‘Nimby’ Rishi Sunak under fire for rejecting solar panels on farmland if he reaches No 10

Rishi Sunak has been branded a ‘Nimby’ by a leading Conservative after joining Liz Truss in ruling out solar panels on farmland if he wins the race for No 10.

The contest underdog – who has spoken of how his young daughters urge him to act on the climate emergency – nevertheless pledged to put preserving farmland first.

“On my watch, we will not lose swathes of our best farmland to solar farms. Instead, we should be making sure that solar panels are installed on commercial buildings, on sheds and on properties,” Mr Sunak said.

But the stance was attacked by an author of the Conservative election manifesto, who said even the government’s target of a five-fold increase in solar farms would cover only 0.5 per cent of available land.

“I see Rishi has joined Liz in highlighting the scourge of solar panels on our precious farmland,” Robert Colvile posted on Twitter.

“You can tell this is about Nimbyism not preserving arable land for food supply because we currently devote way more land than solar would need to growing biofuels to thin out our petrol.”

Mr Colville said the UK had 23 million acres of farmland, adding of putting solar panels on it: “Also you can usually still farm on the land!”

Mr Sunak set out his stall ahead of hustings with the National Farmers Union, where he hopes to steal a march on his rival after Ms Truss boycotted the event.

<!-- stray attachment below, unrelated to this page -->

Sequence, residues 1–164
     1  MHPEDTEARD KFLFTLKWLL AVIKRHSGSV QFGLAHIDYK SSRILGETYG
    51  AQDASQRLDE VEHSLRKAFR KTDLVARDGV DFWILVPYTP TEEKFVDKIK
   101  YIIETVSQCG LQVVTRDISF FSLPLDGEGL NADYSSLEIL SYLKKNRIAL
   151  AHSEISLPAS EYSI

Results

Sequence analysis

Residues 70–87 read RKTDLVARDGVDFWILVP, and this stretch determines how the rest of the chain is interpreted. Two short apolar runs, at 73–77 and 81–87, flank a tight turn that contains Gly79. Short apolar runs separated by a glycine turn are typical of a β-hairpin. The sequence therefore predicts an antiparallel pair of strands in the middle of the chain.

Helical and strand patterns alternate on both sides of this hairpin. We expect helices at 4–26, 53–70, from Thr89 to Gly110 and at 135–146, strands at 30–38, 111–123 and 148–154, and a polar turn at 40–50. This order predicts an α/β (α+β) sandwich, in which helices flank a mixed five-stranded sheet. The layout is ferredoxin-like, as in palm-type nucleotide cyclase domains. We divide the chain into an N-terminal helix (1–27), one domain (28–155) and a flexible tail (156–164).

The foreign secretary has been accused of selling out farmers in the post-Brexit trade deals she struck with Australia and New Zealand, as trade secretary.

Until now, all Conservative ministers have pointed to the trade deals as a Brexit success, despite the tiny economic benefits from them.

But Mr Sunak told The Daily Telegraph: “In any trade negotiations I would fight for the interests of our farmers rather than trading away their interests for the sake of meeting self-imposed deadlines.”

He promised to reduce burdens on farmers by slashing remaining Brussels rules, replacing fines with warning letters and merging a number of government quangos into one new “Agriculture Agency”.

A new target would ensure more crops are grown in Britain, with a particular focus on tomatoes and cucumbers, so that salads no longer have to be imported.

“We have flexibility now – something we certainly didn’t have as members of the European Union,” Mr Sunak said.

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